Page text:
# Chi Square Test

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```					Chi Square Test

Dealing with categorical
dependant variable
So Far:

Categorical    •T-test
IV         •ANOVA

Continuous
DV
Continuous     •Correlation
IV         •Regression

Categorical    Categorical
DV             IV         •CHI Square
Pearson Chi-Square:

•Frequencies
No mean and SD           2 statistics
No assumption of normality
Non-parametric test
Chi-Square test for goodness of fit
-Is the frequency of balls with
different colors equal in our bag?

Observed Frequencies

50         30         30         10

Expected Frequencies

25%        25%        25%        25%
Chi-Square test for goodness of fit

Observed Frequencies             Total
50        30       30        10        120

Expected Frequencies

25%      25%       25%       25%        120   =
Expected Frequencies

30        30       30        30        H0
Chi-Square test for goodness of fit

Observed Frequencies

50          30           30          10
Expected Frequencies

30          30           30          30

2        Difference
( f0  fe )
2     
fe             Normalize
2           2           2           2
 2  (50  30)  (30  30)  (30  30)  (10  30)  26.6
30          30          30          30

Chi-Square test for goodness of fit

 26.6
2                        (1/2)k /2 k /2 1 x /2
x       e
(k /2)

df  C 1 4 1 3    

Fixed = 25%               Total
25%        25%      25%           ?                 100
Chi-Square test for goodness of fit
Critical value = 7.81
 2 26.6
26.6
df  C 1 4 1 3

2(3,n=120) = 26.66,
p< 0.001
Chi-Square test for Goodness of fit

•Chi-Square test for goodness of fit is like
one sample t-test
•You can test your sample against any
possible expected values

25%      25%      25%       25%       H0

10%      10%      10%       70%       H0
Chi-Square test for independence
•When we have tow or more sets of
categorical data (IV,DV both categorical)

FO       None     Obama     McCain
Male      10      50       35       95

Female     15      60       40       115

25       110       75
210
Chi-Square test for independence
•Also called contingency table analysis
•H0: There is no relation between gender and voting
preference (like correlation)
OR
•H0: There is no difference between the voting
preference of males and females (like t-test)

•The logic is the same as the goodness of fit test:
Comparing observed freq and Expected freq if the
two variables were independent
Chi-Square test for independence
FO
None   Obama   McCain
Male      10    50      35      95

Female     15    60      40      115

25     110      75      210

FE       None   Obama   McCain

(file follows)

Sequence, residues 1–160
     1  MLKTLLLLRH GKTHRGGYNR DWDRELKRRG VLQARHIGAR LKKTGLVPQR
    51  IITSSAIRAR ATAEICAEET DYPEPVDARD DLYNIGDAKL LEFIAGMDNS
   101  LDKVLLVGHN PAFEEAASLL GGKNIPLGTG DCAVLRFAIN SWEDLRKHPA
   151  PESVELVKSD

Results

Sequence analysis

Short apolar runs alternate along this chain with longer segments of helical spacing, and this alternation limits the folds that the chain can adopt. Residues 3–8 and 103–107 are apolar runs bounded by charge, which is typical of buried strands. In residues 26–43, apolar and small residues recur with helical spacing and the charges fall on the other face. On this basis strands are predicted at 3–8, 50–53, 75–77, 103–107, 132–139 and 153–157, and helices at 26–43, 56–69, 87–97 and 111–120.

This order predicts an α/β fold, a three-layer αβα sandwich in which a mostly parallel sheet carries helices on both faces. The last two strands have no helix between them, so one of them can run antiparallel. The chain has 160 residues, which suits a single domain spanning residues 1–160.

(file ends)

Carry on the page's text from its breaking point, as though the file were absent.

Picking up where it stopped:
Male

Female
12%    52%     36%      100%
Chi-Square test for independence
In case of independence:
FE        None       Obama                 McCain
Male           12%          52%          36%           95

Female          12%          52%          36%           115
12%              52%          36%          100%

Finaly:
None             Obama        McCain
FE
Male         11.4         49.4         34.2

Female       13.8         59.8         41.4
Chi-Square test for independence
•Anotehr way:

fc  fr columnrow
fe         
n        total
FE       None      Obama   McCain
95 x 25                    95
Male       210

Female
210
25
Chi-Square test for independence
•Now we can calculate the chi square value :

FO     10            50         35
2
15            60         40
( f0  fe )
2     
FE     11.4         49.4       34.2                           fe
13.8         59.8       41.4

2            2
 2  (10 11.4)  (15 13.8)  ...  0.35
11.4       13.8
df  (C 1)(R1) (31)(21) 2

Chi-Square test for independence

df  (C 1)(R1) (31)(21) 2

FE       None     Obama
                             McCain
Male      11.4    49.4    Fixed    95

Female    Fixed   Fixed   Fixed    115

25       110      75      210
Chi-Square test for independence

2(2, n=210) = 0.35, p= 0.83
There is no significant effect of
gender on vote preference

Or

We cannot reject the null
hypothesis that gender and vote
preference are independent
Effect size in Chi square

•For a 2 x 2 table -> Phi Coefficient

   2
Correlation between two
                      categorical variables
n
Phi of 0.1 small, 0.3 medium, 0.5 large

   •For larger tables -> Cramer’s V coeffiecient

   2
Df* is the smallest of C-1,
V                *          R-1
ndf
Assumptions of Chi Square

•Independence of observations
each subject in only one category

•Size of expected frequencies:
be cautious with small cell frequencies

•No assumption of Normality:
Nonparametric test
Likelihood ratio test: an alternative

•Instead of using Chi-Square, when dealing with
categorical data we can calculate log likelihood ratio:

fo
G  2  f0 ln( )
fe
•A ration of observed and expected frequencies

Likelihood ratio test: an alternative

FO      10          50          35
15          60          40
fo
G  2  f0 ln( )
FE      11.4       49.4        34.2                         fe
13.8        59.8        41.4

15
G  2  (10  ln( 10 ) 15  ln( )  ...) 0.355
11.4           13.8

•Follows a Chi-square distribution with df of (R-1)(C-1)
Chi Square test with rank ordered data
Anxiety Level
SAG
1       2       3
1     10      50      35                    1   1   1
2     15      60      40                    2   3   2
3   2   2
•Rank order your data for the two variables
•Get the correlation of the two variables:    4   2   1
Spearman r                                  5   1   1
•Calculate chi Square as follows:
6   2   1
7   1   2
M 2 (N 1)r2

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